So despite the suicides, insurrections, and barbaric conditions of the Middle Passage, some African captives must have clung to the hope that the treatment awaiting them in the Americas would be less hostile and dehumanizing than what they had experienced since their capture. Those who arrived anticipating a system of bondage even remotely resembling the comparatively benevolent form that some had experienced in the interior of their homeland, however, were quickly and bitterly disappointed. What they actually found was what Davidson describes as a "deep soil of arrogant contempt for African humanity." That contempt was quite possibly the most destructive consequence of the transatlantic slave trade.
Africans dispatched to the New World found themselves in a perplexing if not devastating position. The possibility of successfully escaping and returning to their native land was practically nonexistent. And they faced not only a cruel and, for the most part, inflexible system that governed practically every aspect of their lives, but also a community of people who placed little or no value on their humanity. What were they to do?
Some, overwhelmed and sensing the futility of any type of resistance, quite probably succumbed to melancholy and despair and dolefully submitted to the status of mere chattel — becoming, in effect, Uncle Toms, harmless darkies, or Sambos. As the historian Stanley M. Elkins has suggested, these slaves, like many concentration camp victims in the 1940s, accepted their dependent status and internalized the social role demanded of them by their masters. But Sterling Stuckey and numerous other historians have pointed out that many others avoided "being imprisoned altogether by the definitions the larger society sought to impose." They neither desperately sought an immediate, violent solution to their condition nor entirely capitulated psychologically; instead, they chose deception and subterfuge as a primary survival tactic.
"The first line of defense for any vanquished or occupied nation, as for any camp of war-prisoners," writes James Pope-Hennessy, "is calculated cunning and deceit."
Accordingly, many slaves adopted an obsequious social mask as an essential survival apparatus. "Slaves who behaved like Sambos," contends Ronald T. Takaki, "might not have actually been Sambos, for they might have been playing the role of the loyal and congenial slave in order to survive. ... Sambo-like behavior may have been not so much a veil to hide inner emotions of rage and discontent as an effective means of expressing them." In effect, this behavior may have demonstrated "resistance to efficiency, discipline, work, and productivity. Where the master perceived laziness, the slave saw refusal to be exploited ... the same action held different meanings, depending on whether one was master or slave."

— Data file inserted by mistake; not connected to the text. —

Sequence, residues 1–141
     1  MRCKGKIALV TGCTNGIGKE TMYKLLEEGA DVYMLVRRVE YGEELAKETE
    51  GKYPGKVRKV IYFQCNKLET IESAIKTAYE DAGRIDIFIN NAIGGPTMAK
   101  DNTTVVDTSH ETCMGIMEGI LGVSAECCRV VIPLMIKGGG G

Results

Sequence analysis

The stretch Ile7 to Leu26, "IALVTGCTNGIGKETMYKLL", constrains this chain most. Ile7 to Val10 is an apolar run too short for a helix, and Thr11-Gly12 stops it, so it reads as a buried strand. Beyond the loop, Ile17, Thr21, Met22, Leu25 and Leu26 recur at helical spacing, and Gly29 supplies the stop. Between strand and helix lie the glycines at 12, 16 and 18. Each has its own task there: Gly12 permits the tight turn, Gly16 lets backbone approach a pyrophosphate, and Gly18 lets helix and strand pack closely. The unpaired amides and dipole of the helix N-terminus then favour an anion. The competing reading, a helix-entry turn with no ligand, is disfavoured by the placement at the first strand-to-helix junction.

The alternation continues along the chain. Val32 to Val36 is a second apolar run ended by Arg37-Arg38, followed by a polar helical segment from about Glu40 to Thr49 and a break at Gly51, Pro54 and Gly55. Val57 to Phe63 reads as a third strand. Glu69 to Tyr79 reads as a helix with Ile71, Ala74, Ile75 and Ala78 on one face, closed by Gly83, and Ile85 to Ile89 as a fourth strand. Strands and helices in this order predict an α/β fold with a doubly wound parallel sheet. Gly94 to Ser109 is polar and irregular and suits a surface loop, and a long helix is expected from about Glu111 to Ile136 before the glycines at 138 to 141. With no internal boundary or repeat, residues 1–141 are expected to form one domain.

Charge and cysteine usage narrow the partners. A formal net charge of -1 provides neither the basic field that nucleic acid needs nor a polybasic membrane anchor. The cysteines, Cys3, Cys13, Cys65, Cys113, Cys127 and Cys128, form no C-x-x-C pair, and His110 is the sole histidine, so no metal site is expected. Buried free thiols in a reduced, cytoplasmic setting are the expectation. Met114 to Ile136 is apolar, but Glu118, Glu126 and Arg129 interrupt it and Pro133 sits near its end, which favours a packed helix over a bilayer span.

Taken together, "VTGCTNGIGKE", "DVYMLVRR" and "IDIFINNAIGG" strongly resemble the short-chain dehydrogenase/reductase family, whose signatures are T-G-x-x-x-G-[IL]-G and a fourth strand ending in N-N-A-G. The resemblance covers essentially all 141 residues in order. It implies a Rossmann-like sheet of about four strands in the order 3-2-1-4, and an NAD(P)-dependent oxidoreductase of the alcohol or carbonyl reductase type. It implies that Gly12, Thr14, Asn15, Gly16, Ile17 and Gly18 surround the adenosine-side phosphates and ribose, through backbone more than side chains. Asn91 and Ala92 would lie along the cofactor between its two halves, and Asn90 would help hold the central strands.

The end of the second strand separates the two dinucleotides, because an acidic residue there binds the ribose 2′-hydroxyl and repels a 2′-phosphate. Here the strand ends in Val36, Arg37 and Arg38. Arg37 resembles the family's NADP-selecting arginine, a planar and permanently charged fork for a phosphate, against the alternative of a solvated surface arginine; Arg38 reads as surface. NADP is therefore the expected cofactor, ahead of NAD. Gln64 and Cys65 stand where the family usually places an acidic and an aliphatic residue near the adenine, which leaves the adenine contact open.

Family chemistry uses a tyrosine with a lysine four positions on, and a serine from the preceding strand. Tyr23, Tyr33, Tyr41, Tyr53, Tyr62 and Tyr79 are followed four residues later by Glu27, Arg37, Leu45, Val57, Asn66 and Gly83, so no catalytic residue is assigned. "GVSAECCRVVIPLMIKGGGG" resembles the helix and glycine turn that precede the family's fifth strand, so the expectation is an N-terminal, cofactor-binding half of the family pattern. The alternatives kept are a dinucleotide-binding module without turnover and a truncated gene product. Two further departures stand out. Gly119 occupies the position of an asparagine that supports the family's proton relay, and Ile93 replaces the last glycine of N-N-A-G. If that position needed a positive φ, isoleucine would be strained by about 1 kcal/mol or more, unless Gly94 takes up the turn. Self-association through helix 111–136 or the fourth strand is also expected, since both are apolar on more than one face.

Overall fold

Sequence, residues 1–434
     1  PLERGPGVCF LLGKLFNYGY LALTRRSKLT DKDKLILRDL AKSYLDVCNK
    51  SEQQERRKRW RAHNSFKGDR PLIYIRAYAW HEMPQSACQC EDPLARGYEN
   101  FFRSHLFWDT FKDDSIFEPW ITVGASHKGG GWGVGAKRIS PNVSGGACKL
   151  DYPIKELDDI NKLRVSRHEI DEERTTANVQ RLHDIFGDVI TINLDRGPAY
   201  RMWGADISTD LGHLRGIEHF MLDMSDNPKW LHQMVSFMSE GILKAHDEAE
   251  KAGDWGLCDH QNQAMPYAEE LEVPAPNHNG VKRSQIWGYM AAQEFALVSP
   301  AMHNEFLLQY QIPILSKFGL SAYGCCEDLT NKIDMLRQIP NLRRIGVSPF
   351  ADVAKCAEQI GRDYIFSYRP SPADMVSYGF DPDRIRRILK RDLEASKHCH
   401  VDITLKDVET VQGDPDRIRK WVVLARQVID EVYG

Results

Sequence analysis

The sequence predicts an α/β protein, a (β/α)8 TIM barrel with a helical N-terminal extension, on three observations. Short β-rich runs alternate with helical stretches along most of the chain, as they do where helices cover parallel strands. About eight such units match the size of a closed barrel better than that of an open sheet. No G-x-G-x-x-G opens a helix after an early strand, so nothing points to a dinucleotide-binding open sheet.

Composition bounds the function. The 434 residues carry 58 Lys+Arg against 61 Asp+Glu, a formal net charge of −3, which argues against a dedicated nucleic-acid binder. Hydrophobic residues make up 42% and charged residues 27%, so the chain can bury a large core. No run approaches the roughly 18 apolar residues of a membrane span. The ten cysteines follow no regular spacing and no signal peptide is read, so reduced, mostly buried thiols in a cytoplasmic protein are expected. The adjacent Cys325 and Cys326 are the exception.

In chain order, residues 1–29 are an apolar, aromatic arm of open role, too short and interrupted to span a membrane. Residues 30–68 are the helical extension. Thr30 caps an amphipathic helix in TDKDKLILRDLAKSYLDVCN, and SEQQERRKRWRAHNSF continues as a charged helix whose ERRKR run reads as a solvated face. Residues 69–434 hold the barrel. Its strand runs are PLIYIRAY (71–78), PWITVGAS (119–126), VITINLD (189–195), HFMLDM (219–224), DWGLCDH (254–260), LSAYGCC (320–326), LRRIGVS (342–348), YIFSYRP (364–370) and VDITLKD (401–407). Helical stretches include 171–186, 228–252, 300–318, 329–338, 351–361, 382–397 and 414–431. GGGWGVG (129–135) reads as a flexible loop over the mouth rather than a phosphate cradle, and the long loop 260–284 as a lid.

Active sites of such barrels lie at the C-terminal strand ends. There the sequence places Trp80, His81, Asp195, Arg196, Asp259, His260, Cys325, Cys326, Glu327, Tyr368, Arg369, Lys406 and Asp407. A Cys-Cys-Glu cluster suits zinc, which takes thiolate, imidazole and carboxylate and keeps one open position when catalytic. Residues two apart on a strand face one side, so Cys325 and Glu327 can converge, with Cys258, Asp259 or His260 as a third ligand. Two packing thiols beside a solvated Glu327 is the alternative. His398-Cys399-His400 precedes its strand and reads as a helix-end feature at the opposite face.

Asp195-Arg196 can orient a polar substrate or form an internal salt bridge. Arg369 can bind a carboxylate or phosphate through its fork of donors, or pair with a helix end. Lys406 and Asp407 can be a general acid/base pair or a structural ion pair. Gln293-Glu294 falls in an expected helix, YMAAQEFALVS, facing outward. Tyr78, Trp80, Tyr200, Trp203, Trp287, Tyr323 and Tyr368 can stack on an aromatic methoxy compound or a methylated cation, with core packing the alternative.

To maintain respect for themselves or preserve any remnants of their native culture, subterfuge and lying were absolutely necessary for the Africans brought to America's shores. In addition to the primary tasks of tilling the fields of cane, cotton, and tobacco plantations and providing domestic and skilled craft services, survival in the New World depended to a great extent upon appeasing slaveholders' demands for an ingratiating demeanor and the eradication of nearly all vestige of Africanisms.
The response of most blacks to these demands was both rational and effective. As one social historian puts it: "Over many generations the slave developed techniques of deception that were, for the white man, virtually impenetrable." Numerous comments from slaveholders or white observers affirm the existence as well as the effectiveness of black duplicity: "So deceitful is the Negro," one explained, "that as far as my own experience extends I could never in a single instance decipher his character. ... We planters could never get at the truth." Another claimed: "He is never off guard. He is perfectly skilled at hiding his emotions. ... His master knows him not."
Obviously, the pragmatically adopted policy of "puttin' on massa" and thereby making deceit part of their lifestyle had negative long-term consequences for slaves and their descendants. But it did solve some immediate problems presented by bondage. Slaves also used subversion and sabotage — work delay, theft, arson, and destruction of crops — as a means of resistance. In addition, they often feigned ineptitude and ignorance to achieve their own ends.
The dynamics of this strained interaction, with its contradictory goals and clandestine motives — a methodically fashioned maze of non-communication and misdirection from the black perspective — are largely responsible for the convoluted interpersonal relationship of black and white Americans to this day. The reaction of one Louisiana physician to slave duplicity and subversiveness not only points out the extent to which slaves duped many of their masters but, in retrospect, is also quite humorous. In the mid-ninetenth century Dr. Samuel Cartwright wrote an essay on diseases peculiar to the Negro, among them, DYSAESTHESIA AETHIOPICA: